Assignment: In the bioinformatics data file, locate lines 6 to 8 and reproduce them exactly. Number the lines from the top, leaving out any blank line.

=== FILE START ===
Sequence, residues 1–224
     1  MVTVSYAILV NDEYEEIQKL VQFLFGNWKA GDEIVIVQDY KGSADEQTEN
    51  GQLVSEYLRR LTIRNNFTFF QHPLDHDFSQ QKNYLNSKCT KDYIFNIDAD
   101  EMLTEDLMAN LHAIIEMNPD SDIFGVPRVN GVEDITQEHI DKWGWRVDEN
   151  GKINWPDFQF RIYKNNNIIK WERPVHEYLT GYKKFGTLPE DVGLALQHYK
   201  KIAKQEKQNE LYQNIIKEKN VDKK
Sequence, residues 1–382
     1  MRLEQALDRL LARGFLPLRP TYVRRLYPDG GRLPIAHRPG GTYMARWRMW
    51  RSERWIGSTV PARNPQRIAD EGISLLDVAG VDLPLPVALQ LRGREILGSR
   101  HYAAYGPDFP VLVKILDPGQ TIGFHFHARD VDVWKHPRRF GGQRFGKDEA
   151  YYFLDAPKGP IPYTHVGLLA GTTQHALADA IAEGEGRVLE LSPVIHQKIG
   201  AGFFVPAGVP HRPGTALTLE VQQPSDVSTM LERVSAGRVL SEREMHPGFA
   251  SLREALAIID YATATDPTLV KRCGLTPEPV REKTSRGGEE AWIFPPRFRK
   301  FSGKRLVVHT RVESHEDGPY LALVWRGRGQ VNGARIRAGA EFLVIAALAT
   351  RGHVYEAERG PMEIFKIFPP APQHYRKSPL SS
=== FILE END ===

   201  KIAKQEKQNE LYQNIIKEKN VDKK
Sequence, residues 1–382
     1  MRLEQALDRL LARGFLPLRP TYVRRLYPDG GRLPIAHRPG GTYMARWRMW